How AI could become “the optometrist’s best friend”
OT speaks with the Danish company, RetinaLyze, about the benefits of artificial intelligence technology developed with optometrists in mind
14 April 2022
Technology developed by Danish company, RetinaLyze, is helping optometrists in Germany, Spain, Switzerland and Poland to improve patient care using artificial intelligence algorithms. The company is now preparing to launch in the UK.
The software system analyses retinal images and optical coherence tomography (OCT) scans to detect signs of pathology.
Uploaded images are scanned within 45 seconds, providing the optometrist a full analysis of the image.
The algorithm for retinal imaging focuses on identifying signs of glaucoma, diabetic retinopathy and age-related macular degeneration (AMD), while the recently introduced algorithm for OCT is capable of identifying up to 100 different pathologies
Findings are presented to the optometrist through a colour coded system, making recommendations for potential referrals as required.
RetinaLyze also provides direct access to an ophthalmologist for review of suspect images within 48 hours.
OT speaks with optometrist and chief of sales, Lasse Bundgaard (LB), and chief commercial officer, Ganesh Ram (GR), about what the technology will offer UK optometrists.
How does this technology work?
Results are displayed in an easy-to-understand format, with colour codes indicating the severity of the discovered pathology and a layer with the highlighted pathology on top of the original image.
AI cannot replace empathy – not now or even in 10 years
The RetinaLyze algorithm and the result should be considered a tool for a screening or diagnostic process, and not a diagnosis in itself. When something does not look normal, ophthalmologists can be contacted using telemedicine to perform additional checks. The RetinaLyze telemedicine web app enables you to retrieve an ophthalmologist’s manual assessments of both OCT and fundus images. Thus, the RetinaLyze system combines the speed and efficiency of artificial intelligence with the guidance and supervision of telemedicine, offering the customer the best possible service.
Can you share data about how RetinaLyze is performing?
We have conducted studies where the performance of the algorithm for retinal scans is compared to a manual assessment by an ophthalmologist for each condition – for instance, diabetic retinopathy and glaucoma. One peer reviewed study, which was published in the British Journal of Ophthalmology, compared the glaucoma detection algorithm with a manual assessment by an ophthalmologist utilising OCT-A. The glaucoma algorithm performed on par with the clinician.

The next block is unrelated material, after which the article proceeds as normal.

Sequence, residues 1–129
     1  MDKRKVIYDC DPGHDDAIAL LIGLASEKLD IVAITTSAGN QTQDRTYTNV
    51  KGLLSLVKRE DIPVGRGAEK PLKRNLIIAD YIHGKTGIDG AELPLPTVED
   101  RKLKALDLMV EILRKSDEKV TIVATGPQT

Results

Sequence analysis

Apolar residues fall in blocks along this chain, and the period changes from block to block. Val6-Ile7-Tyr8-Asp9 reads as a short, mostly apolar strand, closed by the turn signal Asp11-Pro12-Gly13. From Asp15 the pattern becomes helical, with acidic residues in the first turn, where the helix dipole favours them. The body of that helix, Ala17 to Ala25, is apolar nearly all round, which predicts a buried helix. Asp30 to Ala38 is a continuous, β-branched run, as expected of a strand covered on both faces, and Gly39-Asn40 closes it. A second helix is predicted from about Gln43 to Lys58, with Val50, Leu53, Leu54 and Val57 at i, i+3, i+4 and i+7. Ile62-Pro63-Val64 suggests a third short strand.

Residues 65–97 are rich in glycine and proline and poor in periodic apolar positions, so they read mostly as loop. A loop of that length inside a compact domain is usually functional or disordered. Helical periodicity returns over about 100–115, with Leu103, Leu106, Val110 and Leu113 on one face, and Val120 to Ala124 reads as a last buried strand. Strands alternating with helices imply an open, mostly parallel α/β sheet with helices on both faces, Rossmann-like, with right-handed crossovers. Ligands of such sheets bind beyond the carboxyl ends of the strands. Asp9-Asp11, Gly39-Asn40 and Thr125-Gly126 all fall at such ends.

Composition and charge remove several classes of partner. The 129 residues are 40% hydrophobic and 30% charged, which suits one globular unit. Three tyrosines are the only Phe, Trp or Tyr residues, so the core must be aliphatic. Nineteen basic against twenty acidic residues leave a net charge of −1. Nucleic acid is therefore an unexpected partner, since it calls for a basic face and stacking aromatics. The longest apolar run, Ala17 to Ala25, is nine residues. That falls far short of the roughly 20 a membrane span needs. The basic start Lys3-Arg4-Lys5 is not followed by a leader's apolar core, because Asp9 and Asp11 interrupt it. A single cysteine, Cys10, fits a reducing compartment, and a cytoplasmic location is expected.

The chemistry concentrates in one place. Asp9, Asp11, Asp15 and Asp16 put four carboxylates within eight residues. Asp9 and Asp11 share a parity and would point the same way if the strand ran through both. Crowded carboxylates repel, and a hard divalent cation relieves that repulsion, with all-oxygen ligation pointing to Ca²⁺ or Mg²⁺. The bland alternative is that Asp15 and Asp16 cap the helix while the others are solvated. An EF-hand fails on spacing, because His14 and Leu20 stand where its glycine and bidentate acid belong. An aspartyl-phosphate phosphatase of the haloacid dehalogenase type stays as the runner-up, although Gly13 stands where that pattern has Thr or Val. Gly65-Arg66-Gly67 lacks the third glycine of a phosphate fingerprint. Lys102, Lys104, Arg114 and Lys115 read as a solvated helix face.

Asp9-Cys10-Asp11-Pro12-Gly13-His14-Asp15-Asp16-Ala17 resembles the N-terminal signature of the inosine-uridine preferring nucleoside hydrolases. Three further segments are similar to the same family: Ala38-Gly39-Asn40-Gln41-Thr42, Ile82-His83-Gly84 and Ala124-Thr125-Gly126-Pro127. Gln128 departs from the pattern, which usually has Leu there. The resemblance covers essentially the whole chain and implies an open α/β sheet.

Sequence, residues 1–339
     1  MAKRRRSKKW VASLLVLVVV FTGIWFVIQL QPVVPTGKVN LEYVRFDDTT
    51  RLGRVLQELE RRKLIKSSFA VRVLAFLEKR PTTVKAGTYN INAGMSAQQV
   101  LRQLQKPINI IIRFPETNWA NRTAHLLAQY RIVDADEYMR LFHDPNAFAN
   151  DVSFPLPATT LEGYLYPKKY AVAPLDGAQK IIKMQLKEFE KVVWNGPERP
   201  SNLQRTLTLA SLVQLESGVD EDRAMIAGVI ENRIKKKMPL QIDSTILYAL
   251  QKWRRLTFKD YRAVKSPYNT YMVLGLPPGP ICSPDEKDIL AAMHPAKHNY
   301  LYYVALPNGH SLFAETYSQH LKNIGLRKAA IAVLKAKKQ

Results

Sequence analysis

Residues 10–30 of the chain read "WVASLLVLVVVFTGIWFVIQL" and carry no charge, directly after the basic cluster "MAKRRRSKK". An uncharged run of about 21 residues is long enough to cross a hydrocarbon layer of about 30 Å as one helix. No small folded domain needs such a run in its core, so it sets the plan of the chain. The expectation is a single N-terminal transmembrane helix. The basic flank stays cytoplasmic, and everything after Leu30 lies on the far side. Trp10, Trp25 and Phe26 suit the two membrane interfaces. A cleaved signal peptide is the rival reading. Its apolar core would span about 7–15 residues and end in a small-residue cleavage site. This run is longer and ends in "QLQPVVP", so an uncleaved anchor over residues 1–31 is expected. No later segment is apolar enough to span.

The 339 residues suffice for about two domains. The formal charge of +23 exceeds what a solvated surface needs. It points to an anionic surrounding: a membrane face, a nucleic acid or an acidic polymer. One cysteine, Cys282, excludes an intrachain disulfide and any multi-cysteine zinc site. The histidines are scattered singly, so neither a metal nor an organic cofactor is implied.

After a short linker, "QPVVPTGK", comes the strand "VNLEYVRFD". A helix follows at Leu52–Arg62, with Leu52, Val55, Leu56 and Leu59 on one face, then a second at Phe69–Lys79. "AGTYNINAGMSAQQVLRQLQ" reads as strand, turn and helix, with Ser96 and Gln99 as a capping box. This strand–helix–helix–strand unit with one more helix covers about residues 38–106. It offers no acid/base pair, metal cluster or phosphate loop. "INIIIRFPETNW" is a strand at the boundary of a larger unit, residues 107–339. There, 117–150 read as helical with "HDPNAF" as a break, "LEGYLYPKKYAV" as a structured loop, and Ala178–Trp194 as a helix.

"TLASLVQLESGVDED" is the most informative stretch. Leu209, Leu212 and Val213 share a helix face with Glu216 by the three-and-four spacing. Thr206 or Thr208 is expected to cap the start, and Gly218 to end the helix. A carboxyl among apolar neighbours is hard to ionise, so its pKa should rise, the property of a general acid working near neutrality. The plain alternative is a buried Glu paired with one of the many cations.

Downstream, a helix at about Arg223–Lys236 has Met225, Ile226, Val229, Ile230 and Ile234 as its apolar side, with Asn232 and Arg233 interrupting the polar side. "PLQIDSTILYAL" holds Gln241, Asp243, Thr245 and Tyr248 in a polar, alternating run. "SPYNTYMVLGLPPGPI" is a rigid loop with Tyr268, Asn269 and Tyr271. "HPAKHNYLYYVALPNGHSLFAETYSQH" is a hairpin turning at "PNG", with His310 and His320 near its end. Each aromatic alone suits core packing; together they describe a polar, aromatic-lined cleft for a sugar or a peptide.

We now have two modalities – one for retinal scans and one for OCT. For retinal imaging, we are focusing on early stages of diabetic retinopathy and all stages of glaucoma. For OCT, we are looking at over 100 different pathological signs, which can indicate any number of eye diseases.
Should optometrists be worried that AI will take their jobs?
LB: AI is not replacing the optometrist. AI will be the optometrist’s best friend in the future. The optometrist still needs to gather all of the information; a good eye test remains essential.
Artificial intelligence is not capable of diagnosing yet. Our glaucoma algorithm detects very early stages of disease – the optometrist needs to decide whether a referral is needed or if they should schedule the patient for another appointment. We want to detect disease as early as possible before visual impairment.
In the past, optometrists used an ophthalmoscope to look at the retina. Then a fundus camera was invented. It was a huge step, but everyone embraced it. We have to look at AI in the same way – it is a tool to help us perform our role better.
GR: AI cannot replace empathy – not now or even in 10 years. Robots are not coming to take the jobs of optometrists.
What has motivated you in developing this technology?
GR: My father has had diabetes for many years and now has AMD and diabetic macular oedema. Before his diagnosis, he did not attend his ophthalmologist appointments because he found it too cumbersome. It makes me wonder what would have happened if eye care had been more accessible and if these conditions were caught by an optometrist in the earlier stages of the disease. Treatment could have been easier and cheaper.
I hope that in the future optometrists will have a greater role in the healthcare system, where they will receive public funding for providing accessible eye screening as a pre-screening tool to catch those patients who are not attending secondary care appointments.
LB: This technology will help the optometrist. The average age of patients is increasing and it takes more time to conduct an eye examination. They do not always have that time. This results in a dilemma – the optometrist either needs to compromise in their evaluation of the patient or approach the examination in a different way. We know that AI can assess images and identify early changes on the retina. This gives the optometrist more time with their patient, and more accurate referrals will help alleviate false referrals and pressures within the healthcare system.
Optometrists interested in learning more about RetinaLyze can visit the company’s website for further details, including the opportunity to access a free trial.